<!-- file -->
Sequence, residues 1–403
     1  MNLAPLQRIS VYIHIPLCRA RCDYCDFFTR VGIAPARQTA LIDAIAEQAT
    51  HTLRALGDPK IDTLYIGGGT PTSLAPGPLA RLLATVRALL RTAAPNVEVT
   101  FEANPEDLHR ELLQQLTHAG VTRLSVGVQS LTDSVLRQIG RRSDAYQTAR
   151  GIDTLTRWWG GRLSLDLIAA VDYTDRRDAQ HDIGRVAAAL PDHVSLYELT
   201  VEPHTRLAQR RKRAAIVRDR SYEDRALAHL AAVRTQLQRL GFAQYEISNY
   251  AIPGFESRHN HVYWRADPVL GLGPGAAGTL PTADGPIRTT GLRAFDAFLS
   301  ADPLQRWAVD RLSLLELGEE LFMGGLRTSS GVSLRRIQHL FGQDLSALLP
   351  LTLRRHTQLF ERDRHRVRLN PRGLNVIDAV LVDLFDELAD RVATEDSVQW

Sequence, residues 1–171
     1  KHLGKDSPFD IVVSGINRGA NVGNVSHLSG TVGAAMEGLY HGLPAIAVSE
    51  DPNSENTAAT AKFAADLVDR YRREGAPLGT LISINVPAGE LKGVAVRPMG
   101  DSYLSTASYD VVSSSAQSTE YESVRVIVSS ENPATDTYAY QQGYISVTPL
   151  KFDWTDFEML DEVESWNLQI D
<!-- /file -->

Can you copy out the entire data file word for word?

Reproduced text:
Sequence, residues 1–403
     1  MNLAPLQRIS VYIHIPLCRA RCDYCDFFTR VGIAPARQTA LIDAIAEQAT
    51  HTLRALGDPK IDTLYIGGGT PTSLAPGPLA RLLATVRALL RTAAPNVEVT
   101  FEANPEDLHR ELLQQLTHAG VTRLSVGVQS LTDSVLRQIG RRSDAYQTAR
   151  GIDTLTRWWG GRLSLDLIAA VDYTDRRDAQ HDIGRVAAAL PDHVSLYELT
   201  VEPHTRLAQR RKRAAIVRDR SYEDRALAHL AAVRTQLQRL GFAQYEISNY
   251  AIPGFESRHN HVYWRADPVL GLGPGAAGTL PTADGPIRTT GLRAFDAFLS
   301  ADPLQRWAVD RLSLLELGEE LFMGGLRTSS GVSLRRIQHL FGQDLSALLP
   351  LTLRRHTQLF ERDRHRVRLN PRGLNVIDAV LVDLFDELAD RVATEDSVQW

Sequence, residues 1–171
     1  KHLGKDSPFD IVVSGINRGA NVGNVSHLSG TVGAAMEGLY HGLPAIAVSE
    51  DPNSENTAAT AKFAADLVDR YRREGAPLGT LISINVPAGE LKGVAVRPMG
   101  DSYLSTASYD VVSSSAQSTE YESVRVIVSS ENPATDTYAY QQGYISVTPL
   151  KFDWTDFEML DEVESWNLQI D